Scheme: Wolfson Research Merit Awards
Organisation: Nottingham Trent University
Dates: Jan 2013-Dec 2017
Summary: As a university academic I explore how small chemical molecules and large molecules such as proteins direct the formation of materials. Laboratory reaction conditions are used that mimic those found in the living organisms that make biominerals. The approach is termed ‘biomimetics’. In this approach, chemical reactions are performed in reaction vessels in the laboratory at room temperature, in water at around neutral pH, with organic chemicals or biomolecules such as proteins being added to the reaction mixture. The ‘additives’ modify the structures and properties of the materials that form. Using this approach new polymeric, siliceous, metallic and mineral containing materials have been created. Examples of the biomolecules used include spider silk proteins, smaller protein fragments known as peptides and antibiotics. The interaction of the new materials with the environment in which they are to be used has also been explored.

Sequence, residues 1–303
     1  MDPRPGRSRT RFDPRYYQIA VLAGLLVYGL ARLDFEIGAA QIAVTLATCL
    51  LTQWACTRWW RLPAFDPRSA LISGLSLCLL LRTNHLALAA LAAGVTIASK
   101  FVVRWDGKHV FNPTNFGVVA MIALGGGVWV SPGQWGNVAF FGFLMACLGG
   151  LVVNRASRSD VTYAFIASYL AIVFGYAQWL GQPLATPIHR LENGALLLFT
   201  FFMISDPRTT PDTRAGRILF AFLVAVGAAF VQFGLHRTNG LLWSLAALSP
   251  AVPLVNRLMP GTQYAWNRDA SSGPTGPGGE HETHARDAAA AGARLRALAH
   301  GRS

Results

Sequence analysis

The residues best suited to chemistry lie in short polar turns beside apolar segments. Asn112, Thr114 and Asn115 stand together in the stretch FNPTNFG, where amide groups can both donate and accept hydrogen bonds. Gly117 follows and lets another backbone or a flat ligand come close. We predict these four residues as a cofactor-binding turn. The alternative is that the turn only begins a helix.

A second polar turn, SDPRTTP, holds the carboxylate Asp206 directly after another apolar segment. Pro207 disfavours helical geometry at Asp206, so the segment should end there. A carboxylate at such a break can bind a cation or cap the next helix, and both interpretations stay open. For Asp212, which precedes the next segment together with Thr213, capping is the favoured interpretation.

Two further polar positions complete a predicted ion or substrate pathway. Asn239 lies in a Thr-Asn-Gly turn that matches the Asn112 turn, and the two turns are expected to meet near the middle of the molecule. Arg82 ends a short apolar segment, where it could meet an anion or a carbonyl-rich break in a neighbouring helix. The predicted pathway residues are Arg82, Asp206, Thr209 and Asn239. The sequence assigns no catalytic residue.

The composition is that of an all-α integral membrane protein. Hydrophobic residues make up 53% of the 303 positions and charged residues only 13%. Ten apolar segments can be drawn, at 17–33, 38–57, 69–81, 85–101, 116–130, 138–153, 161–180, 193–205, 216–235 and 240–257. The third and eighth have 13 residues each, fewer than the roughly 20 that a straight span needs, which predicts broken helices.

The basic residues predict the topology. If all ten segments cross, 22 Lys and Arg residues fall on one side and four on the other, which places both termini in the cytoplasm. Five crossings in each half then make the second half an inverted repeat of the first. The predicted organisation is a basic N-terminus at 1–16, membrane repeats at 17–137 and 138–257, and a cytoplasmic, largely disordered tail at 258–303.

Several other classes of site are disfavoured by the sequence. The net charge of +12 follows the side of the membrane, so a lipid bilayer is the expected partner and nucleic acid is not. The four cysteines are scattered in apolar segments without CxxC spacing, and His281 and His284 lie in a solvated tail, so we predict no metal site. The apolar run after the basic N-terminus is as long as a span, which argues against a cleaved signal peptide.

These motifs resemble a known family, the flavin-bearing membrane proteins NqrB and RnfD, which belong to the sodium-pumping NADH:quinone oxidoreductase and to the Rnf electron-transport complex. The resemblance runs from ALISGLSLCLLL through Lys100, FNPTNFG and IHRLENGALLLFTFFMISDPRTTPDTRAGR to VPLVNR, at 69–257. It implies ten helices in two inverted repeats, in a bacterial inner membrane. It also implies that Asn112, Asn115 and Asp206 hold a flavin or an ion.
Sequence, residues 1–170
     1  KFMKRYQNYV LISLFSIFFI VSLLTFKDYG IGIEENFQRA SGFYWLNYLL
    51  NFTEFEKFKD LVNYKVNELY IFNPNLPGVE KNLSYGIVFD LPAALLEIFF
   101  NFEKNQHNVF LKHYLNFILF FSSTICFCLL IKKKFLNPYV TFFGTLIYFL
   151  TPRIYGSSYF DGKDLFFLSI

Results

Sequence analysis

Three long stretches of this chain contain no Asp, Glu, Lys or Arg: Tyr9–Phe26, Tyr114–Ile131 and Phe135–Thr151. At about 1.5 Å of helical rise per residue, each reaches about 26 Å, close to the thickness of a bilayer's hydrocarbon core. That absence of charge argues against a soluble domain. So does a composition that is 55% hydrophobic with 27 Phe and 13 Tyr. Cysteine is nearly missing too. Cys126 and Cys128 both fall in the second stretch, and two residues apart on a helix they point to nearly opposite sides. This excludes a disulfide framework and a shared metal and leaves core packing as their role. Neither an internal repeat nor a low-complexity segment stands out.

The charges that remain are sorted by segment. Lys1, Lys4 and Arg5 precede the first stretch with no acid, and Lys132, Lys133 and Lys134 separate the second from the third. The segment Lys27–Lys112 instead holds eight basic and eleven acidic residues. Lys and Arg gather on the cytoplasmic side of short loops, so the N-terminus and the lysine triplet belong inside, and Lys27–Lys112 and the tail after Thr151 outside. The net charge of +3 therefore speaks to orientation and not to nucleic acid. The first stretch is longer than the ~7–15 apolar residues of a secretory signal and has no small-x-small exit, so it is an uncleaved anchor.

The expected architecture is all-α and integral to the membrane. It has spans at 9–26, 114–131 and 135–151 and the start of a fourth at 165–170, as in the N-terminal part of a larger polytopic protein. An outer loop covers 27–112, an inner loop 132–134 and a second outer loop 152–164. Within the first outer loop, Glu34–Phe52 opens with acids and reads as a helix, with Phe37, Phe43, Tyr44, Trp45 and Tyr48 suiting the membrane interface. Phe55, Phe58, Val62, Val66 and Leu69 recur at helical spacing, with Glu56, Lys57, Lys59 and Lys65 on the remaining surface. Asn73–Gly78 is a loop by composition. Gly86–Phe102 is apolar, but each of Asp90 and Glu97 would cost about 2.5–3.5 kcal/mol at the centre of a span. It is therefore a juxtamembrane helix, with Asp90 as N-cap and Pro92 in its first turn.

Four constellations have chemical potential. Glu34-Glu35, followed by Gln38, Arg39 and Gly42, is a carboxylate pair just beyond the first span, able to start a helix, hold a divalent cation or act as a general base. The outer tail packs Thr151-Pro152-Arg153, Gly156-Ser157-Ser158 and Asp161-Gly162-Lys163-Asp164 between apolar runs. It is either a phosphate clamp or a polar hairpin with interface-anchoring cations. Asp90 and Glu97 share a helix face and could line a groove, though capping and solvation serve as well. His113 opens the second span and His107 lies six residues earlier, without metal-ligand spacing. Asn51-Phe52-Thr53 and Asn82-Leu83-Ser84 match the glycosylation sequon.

In all of our studies we try to understand the role or roles that the chemical molecules or biomolecules play in determining the structure and properties of the materials that are formed and look for patterns in behaviour. The ‘design principles’ that we find help us to create new syntheses for materials where we are able to predict their likely properties before we make the materials themselves. Applications of these materials are as diverse as implants for use in the human body, new antibacterial surfaces, new catalysts to make chemical reactions go faster, new materials for food or drug processing and delivery, new materials for performance sports and new materials for the next generation of flexible electronics. For all of these applications the interface or boundary between the molecules or biomolecules used in the synthesis and the solid materials is key to their success.